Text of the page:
Activists of political parties raise hands in solidarity during a protest rally called by the Council of Pakistan Defence (CPD) in Lahore on December 18, 2011. —AFP

IT was an extraordinary spectacle in Minto Park at the foot of the Minar-i-Pakistan on Sunday: jihadists, sectarian warriors, orthodox mullahs, Islamic revivalists, all banding together under the banner of the Difaa-i-Pakistan Council (Pakistan Defence Council) and vowing to ‘defend’ Pakistan against external aggression. Headlined by Hafiz Saeed, leader of the Jamaatud Dawa, widely perceived as a front for the banned Lashkar-i-Taiba, Sunday’s event was a massive show of right-wing strength and has come in the wake of a heightened public profile by the JuD in recent months.

Was the PDC rally, then, meant to signify the entry of Hafiz Saeed into national politics, though perhaps not of the electoral variety?

More broadly, does the PDC event suggest that the security establishment is once again lashing together reactionary and millenarian forces in pursuit of narrow institutional interests without heed to the dangers to state and society of such a move?

The Difaa-i-Pakistan (PDC), an umbrella group of 44 right-wing entities and personalities, has been reactivated in the wake of the Mohmand killings, suggesting an external agenda.

But critics also see a thinly veiled domestic political agenda behind the creation of the PDC, an attempt to create a right-wing grouping from which an MMA-style or perhaps even an IJI-style political front will emerge ahead of the next general election.

“We’re seeing a replay of 10 years ago. After 9/11, we saw the creation of the Pak-Afghan Defence Council. From there, the politicians in the group created the MMA while the hardcore jihadis went their own way,” said Nusrat Javeed, a veteran journalist.

According to Tahir Ashrafi, chairman of the Pakistan Ulema Council and a moderate cleric, “the main focus of the PDC is the defence of Pakistan. All of this stuff that’s going on with the US, their meddling and interference, we want that to end. We have no interest in doing politics.”

But Ashrafi, who is perceived as close to the security establishment, added that the efforts to create the PDC had been going on for the last couple of years: “Ever since the break-up of the MMA, we have been trying to put together a new alliance.”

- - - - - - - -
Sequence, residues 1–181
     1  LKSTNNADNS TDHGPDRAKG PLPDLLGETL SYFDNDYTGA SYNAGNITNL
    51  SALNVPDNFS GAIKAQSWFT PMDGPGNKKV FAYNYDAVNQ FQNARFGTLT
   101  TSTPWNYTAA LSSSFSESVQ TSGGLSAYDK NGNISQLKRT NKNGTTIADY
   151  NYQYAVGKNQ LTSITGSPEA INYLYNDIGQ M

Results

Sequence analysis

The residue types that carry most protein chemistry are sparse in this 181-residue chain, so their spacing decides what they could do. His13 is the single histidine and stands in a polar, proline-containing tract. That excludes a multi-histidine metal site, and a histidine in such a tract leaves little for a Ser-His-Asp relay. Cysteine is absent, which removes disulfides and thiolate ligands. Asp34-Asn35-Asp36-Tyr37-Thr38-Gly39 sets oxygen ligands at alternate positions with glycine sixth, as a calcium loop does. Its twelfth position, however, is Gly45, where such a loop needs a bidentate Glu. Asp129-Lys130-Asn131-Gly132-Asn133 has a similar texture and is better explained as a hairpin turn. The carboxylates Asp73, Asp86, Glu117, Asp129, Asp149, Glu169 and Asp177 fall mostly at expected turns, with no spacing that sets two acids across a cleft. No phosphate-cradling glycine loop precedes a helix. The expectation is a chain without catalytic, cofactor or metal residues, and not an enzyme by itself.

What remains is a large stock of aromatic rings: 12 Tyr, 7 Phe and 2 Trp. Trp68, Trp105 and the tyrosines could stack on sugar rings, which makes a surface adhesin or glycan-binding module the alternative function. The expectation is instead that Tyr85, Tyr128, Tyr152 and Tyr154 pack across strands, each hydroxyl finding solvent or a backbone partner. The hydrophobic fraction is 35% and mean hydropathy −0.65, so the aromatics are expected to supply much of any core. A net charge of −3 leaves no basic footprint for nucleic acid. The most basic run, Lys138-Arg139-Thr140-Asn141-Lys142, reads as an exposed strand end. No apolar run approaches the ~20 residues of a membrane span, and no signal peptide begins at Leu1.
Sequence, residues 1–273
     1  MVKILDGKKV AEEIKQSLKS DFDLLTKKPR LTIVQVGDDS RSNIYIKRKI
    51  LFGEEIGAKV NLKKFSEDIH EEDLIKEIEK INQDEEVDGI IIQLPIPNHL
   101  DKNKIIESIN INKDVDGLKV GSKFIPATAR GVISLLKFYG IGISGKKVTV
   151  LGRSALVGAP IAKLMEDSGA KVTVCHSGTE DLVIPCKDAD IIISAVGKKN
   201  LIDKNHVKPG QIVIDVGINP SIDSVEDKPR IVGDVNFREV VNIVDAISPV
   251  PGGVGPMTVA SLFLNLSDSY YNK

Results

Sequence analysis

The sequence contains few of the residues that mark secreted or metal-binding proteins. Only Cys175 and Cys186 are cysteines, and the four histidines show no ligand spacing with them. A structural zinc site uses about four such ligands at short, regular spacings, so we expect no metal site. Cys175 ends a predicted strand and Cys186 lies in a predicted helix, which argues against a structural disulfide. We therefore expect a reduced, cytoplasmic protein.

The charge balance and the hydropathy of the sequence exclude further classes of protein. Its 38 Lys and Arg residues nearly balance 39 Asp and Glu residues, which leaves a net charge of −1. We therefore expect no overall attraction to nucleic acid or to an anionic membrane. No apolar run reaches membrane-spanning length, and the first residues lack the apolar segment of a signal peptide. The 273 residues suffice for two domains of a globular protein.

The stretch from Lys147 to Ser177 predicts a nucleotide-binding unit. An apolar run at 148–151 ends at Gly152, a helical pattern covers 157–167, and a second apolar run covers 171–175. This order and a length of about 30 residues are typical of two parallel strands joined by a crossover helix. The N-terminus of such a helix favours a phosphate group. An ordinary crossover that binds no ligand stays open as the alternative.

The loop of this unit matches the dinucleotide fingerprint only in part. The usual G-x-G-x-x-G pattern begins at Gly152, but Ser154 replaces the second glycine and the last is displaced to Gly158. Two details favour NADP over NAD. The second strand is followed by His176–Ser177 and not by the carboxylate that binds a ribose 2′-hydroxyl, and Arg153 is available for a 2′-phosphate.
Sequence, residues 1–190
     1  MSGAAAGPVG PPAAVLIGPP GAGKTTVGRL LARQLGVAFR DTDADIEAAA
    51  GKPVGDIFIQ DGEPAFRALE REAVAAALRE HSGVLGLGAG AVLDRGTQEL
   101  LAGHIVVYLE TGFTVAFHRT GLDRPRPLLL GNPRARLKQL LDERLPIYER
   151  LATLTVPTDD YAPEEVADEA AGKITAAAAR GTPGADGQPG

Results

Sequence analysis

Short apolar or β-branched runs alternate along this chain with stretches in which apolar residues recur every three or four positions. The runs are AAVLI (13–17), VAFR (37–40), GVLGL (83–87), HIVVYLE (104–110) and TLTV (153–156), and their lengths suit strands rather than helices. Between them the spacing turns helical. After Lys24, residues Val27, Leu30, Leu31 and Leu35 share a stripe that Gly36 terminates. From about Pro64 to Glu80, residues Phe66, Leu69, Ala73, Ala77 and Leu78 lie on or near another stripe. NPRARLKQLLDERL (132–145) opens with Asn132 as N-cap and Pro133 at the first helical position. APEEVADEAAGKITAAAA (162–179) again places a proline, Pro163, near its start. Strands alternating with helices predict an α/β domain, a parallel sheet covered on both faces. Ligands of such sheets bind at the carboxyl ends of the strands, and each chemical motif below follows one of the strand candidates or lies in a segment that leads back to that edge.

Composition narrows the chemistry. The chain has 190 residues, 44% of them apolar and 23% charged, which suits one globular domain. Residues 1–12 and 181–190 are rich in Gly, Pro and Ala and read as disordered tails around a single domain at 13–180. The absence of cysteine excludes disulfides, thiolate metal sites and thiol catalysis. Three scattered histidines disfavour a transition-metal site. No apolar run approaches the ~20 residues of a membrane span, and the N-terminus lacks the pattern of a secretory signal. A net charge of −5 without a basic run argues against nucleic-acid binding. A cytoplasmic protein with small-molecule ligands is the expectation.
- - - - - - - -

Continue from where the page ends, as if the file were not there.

The external dimension While suspicions about the PDC’s reactivation have centred around the security establishment’s evolving domestic electoral and political strategy, deteriorating ties between the army and the US also appear to have played a significant role.

The thrust of the PDC’s demands at the Sunday rally was ostensibly external:

withdrawing Pakistan from the so-called ‘war on terror’; revamping ties with the US to satisfy a muscular and Islamic Pakistani nationalism; and an anti-India campaign that emphasised the centrality of Kashmir and water disputes and rejected the granting of MFN trading status to India.

“It’s about showing to the outside world that the army is under a great deal of pressure at home, that the religious parties are active and agitating and so the space for Pakistan to do what the US wants has been reduced,” said Suhail Waraich, a senior journalist.

A time-worn tactic it may be, but analysts warn about the dangers of stirring anti-US, anti-India sentiments. “There’s a conflict between goals and strategy,” said Imtiaz Alam, secretary general of Safma. “They build up this jingoism but then become hostage to it because they don’t know how to control it.”

Arif Nizami, editor of Pakistan Today, said, “The problem is that the army can’t sustain this radical anti-American policy. If it has to compromise eventually, then these measures (like the PDC) actually make it more difficult to compromise.”

Playing politics Beyond the immediate purpose of cultivating the PDC as a buffer against American demands, analysts believe the right-wing alliance has a deeper political purpose.